In crude terms, do a demo or presentation either when people would not understand what you do from a description, or if they need to see you do it in order to spot the difference from your competition. So a presentation should fit the audience needs, not be a sales pitch. And a free taster session should educate the recipient about you, not just give them something for nothing.

A golden rule is that when you want to demonstrate your skills and not all of the audience can interact, you must have helpers on hand to give people some sort of commentary. Very often an expert can be doing great things and getting a lot of interest, but their helpers cannot capitalise on it by highlighting some of the special bits that they have done to the visitor standing next to them.

Keep your demonstration relatively short (it is not a free training session after all), so that people who found it engaging can speak to you within a very short time and take it forwards. If your slot is too long, they may hang on until you stop but then dash to look at the rest of the show.

Summary

  • know what you want to achieve
  • aim to provide a useful and memorable experience, not a sale to every visitor
  • give away things for a reason
  • have enough help on hand
  • ensure your help is fully briefed
  • even if your aims are low key, be prepared for a flood of enquiries
  • make sure that ‘experts’ are regularly on hand to deal with the post-demo interest
  • make the demo useful, and leave them wanting more!

I hope that you have found a few pointers, and remember that each bullet point is a subject in itself. Have fun!

Are you failing yourself as a boss?

Tomorrow I’m leading a short session for a local group (http://www.linkedin.com/groups?mostPopular=&gid=2040411) under the broad heading of failure. Far from making it a  downbeat session. we will be exploring:

  • how we apply the f-word differently to ourselves than those we may be with (sometimes more critical, sometimes more tolerant)
  • how we can prevent the real failures (e.g. when no lessons get learned)
  • how we can spot things early
  • how we can remember to apply good coaching skills to ourselves

Preparation? Well, between now and tomorrow morning you might like to bear in mind a recent event which looked like a failure but had a very silver lining.

I’ll write up how it went, and also produce a quick handout as well.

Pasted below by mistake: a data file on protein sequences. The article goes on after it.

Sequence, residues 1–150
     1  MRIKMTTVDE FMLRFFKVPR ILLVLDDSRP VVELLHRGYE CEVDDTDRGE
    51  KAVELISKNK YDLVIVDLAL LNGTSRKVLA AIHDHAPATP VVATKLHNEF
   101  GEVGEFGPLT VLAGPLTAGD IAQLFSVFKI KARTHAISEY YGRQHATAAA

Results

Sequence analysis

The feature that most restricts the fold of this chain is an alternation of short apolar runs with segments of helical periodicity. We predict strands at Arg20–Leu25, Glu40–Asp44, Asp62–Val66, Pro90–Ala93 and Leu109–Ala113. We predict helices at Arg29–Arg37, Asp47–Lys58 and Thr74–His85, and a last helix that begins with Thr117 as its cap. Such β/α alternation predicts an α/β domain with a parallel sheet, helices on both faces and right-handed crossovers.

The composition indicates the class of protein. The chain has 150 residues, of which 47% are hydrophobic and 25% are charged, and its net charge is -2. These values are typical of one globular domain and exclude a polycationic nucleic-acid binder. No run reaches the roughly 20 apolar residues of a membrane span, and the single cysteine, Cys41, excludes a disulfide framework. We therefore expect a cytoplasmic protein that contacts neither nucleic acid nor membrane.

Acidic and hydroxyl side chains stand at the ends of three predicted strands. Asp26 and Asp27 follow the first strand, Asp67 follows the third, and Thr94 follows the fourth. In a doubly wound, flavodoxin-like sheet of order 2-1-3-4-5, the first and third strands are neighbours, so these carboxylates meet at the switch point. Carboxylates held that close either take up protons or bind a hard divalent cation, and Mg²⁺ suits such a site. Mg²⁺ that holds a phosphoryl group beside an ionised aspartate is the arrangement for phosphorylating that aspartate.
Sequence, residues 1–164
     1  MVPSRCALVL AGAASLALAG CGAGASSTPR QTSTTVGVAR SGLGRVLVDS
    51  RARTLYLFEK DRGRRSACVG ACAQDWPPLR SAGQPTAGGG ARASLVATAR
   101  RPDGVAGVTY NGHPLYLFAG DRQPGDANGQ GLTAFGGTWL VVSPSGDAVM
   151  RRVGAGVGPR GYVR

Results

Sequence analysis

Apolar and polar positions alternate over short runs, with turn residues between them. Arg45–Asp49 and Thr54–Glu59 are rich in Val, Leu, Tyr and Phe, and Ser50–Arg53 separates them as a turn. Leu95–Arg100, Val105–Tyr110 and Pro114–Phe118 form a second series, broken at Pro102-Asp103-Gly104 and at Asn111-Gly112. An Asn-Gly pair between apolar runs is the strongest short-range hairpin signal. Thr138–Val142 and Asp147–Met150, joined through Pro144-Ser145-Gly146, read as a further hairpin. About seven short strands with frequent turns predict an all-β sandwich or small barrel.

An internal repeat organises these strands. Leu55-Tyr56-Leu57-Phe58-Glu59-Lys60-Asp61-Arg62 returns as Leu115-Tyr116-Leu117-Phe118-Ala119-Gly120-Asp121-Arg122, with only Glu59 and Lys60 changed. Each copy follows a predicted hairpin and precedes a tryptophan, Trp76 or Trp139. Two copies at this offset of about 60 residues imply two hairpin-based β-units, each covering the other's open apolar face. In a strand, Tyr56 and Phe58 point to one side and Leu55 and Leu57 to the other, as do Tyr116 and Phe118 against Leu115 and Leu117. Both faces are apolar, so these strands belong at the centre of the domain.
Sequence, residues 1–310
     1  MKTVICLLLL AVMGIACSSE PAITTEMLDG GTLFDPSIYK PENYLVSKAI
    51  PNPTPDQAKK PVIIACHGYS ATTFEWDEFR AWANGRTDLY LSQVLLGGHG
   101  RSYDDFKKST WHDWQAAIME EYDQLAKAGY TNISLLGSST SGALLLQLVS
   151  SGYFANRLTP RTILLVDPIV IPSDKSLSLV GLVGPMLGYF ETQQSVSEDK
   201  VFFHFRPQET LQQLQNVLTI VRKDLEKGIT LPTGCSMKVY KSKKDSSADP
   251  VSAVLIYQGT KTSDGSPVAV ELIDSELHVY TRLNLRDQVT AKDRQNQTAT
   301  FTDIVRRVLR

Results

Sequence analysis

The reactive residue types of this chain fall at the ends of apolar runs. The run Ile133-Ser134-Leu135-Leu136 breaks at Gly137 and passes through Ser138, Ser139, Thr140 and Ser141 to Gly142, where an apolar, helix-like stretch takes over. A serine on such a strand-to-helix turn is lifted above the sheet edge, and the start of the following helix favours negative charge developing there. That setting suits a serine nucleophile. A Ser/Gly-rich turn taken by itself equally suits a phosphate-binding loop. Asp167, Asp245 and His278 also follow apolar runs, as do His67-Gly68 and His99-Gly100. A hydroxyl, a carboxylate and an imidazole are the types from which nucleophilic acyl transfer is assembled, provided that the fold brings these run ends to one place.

Enterprise workshops with University students

Last week I had a great day as an ‘expert’, helping with a two-day student course on enterprise in an event called the Dynamo Challenge 2010. It followed the fairly popular format of setting teams a task to develop a business plan for an idea, then having them present the idea to a panel for feedback and marks. So what was that formula that made this one good?

The ‘Dragon’s Den’ experts

The organisers invited a team of about thirty experts, who cam from a broad range of backgrounds. They included accountants from some large firms, business coaches and consultants, marketing consultants and business owners in fields as varied as product design and logistics. Although we only attended the day, we were well briefed on our roles and very much welcomed into the delivery process. For me, it was so good that with minimal time to get to know each other, the experts were able to work well together to coach the students – the last thing they would have wanted was a bunch of smug or very directive ‘experts’ sounding off about what was right, or points-scoring between each other!

The Graduate Enterprise workshop format

The organisers did a good job selecting a venue ( the Marwell Hotel near Winchester) that had good parking, plenty of breakout rooms and an un-stuffy atmosphere. Here are some of the things that I think really contributed to the success:

  • an icebreaker for the undergraduates to meet the experts, who acted as customers in a free-for-all sales hall
  • keeping the energy very high and the activity times short
  • bringing in enough jargon to represent the real world, but making the emphasis practical more than academic
  • keep the spirit of experiential learning – do, reflect, learn, plan. See David Kolb’s learning cycle, (http://www.ldu.leeds.ac.uk/ldu/sddu_multimedia/kolb/static_version.php et al)
  • having meaningful rewards for the winners
  • including ‘meetings’ with the experts as well as information presentations. This again reflected real life, where a business has to find a business advisor and decide what to take on board

Business Startup Courses for the future

So, what do I take away from the event?

Having both lectured on an enterprise course and delivered business coaching for a number of years, I feel that a practical approach is invaluable in preparing for a thriving business. Because there are few right and wrong answers, success is more likely to come from someone who learns from experience and puts their own mark on a process. There is a strong argument that attitude and approach make an entrepreneur, and it is the business theory and academic side that builds on what the entrepreneur starts.

It reminded me how dry some business startup courses aimed at ‘adults’ can be, and is something I will bear in mind to make sure that the Simply Work for Yourself experiences I will run next year alongside the online course will be upbeat, fun, challenging and memorable.